Ask any elderly person about the medications they’re taking. Chances are, it’ll be a lengthy checklist. After all, as aging parents continue to get older, more physical issues and discomfort become common. And in this age of medical advancement, there’s a pill for that. When prescribed responsibly, that’s a good thing, of course.
The concern isn’t just around accidental misuse or over-prescription. Problems arise in medication-usage with common side effects like dizziness, confusion, respiratory issues, and low blood pressure (just to name a few) can cause serious accidents.
One study from 2013 showed that one in five elderly patients discharged from the hospital experienced prescription-related complications within the first 45 days upon returning home. Roughly 35 percent of those instances were preventable, and 5 percent were life-threatening. Granted, this is an older study, but the pattern still exists now, just as it did then.
Keep your aging parents’ primary care physician in the loop on the medications they’re taking if prescribed by other specialists. Ensure they report any additions or changes in their prescription checklist to your aging parents’ primary physician.
Before attending doctor visits, take a picture of each bottle or container label along with the pill next to it. Show it to the physician upon regular visits to confirm they’re taking the correct meds.
Also, keep carefully written records of things like dosages and administration frequency, so they know how much is taken and when.
When adding or changing the dosages of medications, have the prescribing physician write down the details of taking the drug and any possible side effects.
Keep a close eye on your elderly loved one and remind them to let their physician know if they’re experiencing any odd symptoms.
Use one pharmacy to fill all medications (if possible), so all prescription information is easily accessible to the pharmacist. This way, the pharmacist can monitor drug interactions and answer any questions, including interactions between prescription and OTC drugs.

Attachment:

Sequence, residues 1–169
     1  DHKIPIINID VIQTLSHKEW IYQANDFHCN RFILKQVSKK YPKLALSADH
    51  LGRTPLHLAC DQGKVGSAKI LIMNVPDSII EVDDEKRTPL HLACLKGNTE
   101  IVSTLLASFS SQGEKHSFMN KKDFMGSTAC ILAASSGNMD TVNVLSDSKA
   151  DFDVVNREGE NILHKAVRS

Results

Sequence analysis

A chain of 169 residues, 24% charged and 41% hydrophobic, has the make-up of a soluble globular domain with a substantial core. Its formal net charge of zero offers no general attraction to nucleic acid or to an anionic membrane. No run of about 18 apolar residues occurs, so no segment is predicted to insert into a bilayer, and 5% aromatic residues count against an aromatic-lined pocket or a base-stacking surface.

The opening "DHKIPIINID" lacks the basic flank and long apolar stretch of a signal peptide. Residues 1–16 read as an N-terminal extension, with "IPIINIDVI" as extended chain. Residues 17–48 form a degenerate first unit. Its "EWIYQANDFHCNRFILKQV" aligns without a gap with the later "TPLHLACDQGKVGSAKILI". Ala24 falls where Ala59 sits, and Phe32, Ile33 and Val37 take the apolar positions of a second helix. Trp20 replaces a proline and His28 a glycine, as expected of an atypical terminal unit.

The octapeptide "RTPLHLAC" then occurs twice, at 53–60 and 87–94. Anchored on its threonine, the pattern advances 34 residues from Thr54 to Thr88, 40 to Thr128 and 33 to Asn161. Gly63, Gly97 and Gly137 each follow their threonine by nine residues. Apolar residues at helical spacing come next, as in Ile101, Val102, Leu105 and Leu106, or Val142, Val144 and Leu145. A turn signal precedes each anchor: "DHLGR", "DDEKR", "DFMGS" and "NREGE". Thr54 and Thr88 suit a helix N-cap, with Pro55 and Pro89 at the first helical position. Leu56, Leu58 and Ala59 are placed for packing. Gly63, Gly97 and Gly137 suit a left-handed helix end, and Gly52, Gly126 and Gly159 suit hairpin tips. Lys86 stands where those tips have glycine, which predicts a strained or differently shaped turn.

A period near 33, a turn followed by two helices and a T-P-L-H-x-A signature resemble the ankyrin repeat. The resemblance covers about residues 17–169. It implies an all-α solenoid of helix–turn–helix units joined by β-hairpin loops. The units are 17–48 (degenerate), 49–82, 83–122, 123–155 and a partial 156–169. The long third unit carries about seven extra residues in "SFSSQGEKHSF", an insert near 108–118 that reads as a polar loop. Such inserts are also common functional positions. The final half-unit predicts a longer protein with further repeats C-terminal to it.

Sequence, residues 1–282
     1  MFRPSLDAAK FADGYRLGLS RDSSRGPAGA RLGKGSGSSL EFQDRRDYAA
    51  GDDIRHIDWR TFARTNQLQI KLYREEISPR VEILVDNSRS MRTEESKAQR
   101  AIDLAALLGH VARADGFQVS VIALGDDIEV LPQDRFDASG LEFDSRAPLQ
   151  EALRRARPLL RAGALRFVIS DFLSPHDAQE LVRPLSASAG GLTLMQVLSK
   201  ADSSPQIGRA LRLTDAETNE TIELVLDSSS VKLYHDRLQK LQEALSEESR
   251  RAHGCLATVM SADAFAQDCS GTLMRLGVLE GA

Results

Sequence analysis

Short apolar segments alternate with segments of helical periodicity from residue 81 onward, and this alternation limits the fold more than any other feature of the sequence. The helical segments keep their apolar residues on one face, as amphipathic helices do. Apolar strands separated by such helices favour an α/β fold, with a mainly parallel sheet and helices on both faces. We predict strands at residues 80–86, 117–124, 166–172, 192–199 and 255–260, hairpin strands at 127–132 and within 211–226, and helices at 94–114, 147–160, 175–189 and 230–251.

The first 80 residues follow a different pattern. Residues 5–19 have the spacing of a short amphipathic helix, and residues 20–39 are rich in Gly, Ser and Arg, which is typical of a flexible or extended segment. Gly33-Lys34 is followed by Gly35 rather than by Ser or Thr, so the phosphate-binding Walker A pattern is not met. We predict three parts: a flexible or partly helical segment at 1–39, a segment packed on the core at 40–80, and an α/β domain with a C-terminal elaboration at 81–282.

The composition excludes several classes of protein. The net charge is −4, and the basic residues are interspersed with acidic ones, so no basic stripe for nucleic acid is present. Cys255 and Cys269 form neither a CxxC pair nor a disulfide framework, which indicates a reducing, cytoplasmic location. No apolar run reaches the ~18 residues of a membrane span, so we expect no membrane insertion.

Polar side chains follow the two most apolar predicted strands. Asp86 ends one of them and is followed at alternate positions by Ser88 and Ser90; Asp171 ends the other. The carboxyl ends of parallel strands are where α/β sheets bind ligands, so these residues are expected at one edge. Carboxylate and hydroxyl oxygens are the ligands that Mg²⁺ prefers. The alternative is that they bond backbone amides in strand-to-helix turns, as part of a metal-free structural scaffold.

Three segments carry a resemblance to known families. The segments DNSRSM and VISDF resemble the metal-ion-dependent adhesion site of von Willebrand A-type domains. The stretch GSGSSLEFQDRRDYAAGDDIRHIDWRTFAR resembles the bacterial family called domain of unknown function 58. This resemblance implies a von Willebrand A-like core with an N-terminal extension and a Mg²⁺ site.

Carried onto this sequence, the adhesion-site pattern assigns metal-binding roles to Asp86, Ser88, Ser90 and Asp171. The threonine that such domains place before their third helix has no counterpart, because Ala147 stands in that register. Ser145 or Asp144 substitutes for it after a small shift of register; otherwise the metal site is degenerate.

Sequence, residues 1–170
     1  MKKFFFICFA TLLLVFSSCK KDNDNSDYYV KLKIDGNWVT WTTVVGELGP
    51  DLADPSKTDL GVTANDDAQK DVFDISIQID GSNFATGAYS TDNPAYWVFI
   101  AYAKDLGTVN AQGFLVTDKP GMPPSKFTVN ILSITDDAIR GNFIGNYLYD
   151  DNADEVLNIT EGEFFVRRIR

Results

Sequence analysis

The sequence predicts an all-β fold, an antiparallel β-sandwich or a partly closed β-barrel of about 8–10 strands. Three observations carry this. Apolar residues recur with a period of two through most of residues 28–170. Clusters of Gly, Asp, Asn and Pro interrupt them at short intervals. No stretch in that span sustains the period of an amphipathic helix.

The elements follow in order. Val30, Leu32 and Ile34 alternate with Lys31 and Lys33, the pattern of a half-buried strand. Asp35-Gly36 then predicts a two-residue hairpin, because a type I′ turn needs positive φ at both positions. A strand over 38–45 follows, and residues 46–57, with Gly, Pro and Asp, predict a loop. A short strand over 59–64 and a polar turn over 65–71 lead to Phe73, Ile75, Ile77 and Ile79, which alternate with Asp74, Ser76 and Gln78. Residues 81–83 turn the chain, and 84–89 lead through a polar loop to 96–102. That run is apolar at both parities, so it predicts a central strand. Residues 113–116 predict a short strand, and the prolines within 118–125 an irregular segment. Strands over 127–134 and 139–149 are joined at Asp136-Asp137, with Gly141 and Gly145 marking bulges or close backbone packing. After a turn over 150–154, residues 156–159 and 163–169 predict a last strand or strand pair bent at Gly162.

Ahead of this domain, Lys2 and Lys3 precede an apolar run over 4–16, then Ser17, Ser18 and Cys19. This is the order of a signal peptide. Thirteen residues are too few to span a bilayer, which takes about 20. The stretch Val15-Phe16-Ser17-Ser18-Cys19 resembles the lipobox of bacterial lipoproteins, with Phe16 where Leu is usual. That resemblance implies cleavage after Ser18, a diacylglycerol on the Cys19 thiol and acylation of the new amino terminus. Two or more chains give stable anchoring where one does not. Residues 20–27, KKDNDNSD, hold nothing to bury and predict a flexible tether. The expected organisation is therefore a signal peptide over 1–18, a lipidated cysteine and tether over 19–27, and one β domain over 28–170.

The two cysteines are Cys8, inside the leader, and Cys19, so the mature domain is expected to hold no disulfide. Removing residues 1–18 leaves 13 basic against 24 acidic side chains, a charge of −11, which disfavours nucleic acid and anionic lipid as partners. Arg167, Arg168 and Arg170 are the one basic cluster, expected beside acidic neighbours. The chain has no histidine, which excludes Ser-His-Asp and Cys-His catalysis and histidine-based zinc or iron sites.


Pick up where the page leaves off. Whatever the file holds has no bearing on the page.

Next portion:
Thoroughly review the physician’s schedule and dosage instructions for each medication with your parents to ensure they understand how to take their medications appropriately.
Make sure they can easily open and close medication bottles and containers. Most find it a lot easier to use a pillbox to dispense daily meds because it’s more comfortable to open and easier to keep track of dosing.
If your parents have difficulty remembering when they’ve taken their medications or keeping their pillbox organized, locking organizers are a great solution. Many are available to program with the correct dosage and times to cut down on confusion. Many of these devices also feature prompts to remind your parents to take their medications at the proper time.
Periodically go through all their medications. Get rid of anything out of date or that they’re no longer taking.
Helping your aging parents manage their medications checklist often requires paying attention to detail, doing your homework, and maintaining plenty of communication.
The American Geriatrics Society publishes the Beers Criteria, a checklist of medications that may be inappropriate or potentially hazardous for aging parents. It’s a great place to begin and consult frequently with the feedback of their primary care physician.